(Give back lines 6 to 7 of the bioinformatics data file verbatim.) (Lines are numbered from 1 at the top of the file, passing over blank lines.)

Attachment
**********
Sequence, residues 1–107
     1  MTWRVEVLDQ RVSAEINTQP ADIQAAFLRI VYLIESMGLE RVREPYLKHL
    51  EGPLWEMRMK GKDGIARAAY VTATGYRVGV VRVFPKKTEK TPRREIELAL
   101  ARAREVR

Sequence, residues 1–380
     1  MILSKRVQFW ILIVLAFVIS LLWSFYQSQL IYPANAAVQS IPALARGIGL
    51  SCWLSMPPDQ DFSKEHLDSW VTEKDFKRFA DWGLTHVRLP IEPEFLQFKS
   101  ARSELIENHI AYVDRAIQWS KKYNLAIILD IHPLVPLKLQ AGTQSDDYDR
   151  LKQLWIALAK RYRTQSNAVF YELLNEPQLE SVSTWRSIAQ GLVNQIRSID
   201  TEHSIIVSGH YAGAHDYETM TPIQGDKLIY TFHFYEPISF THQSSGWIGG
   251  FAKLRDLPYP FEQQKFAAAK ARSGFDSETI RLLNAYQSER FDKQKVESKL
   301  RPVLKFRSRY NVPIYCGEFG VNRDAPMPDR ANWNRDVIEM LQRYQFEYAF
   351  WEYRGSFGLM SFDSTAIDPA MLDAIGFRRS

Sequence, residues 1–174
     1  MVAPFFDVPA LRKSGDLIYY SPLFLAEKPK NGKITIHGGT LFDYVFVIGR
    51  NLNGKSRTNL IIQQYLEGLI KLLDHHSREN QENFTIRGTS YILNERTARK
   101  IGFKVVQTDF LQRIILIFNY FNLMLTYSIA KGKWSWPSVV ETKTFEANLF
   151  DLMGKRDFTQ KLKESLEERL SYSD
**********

     1  MILSKRVQFW ILIVLAFVIS LLWSFYQSQL IYPANAAVQS IPALARGIGL
    51  SCWLSMPPDQ DFSKEHLDSW VTEKDFKRFA DWGLTHVRLP IEPEFLQFKS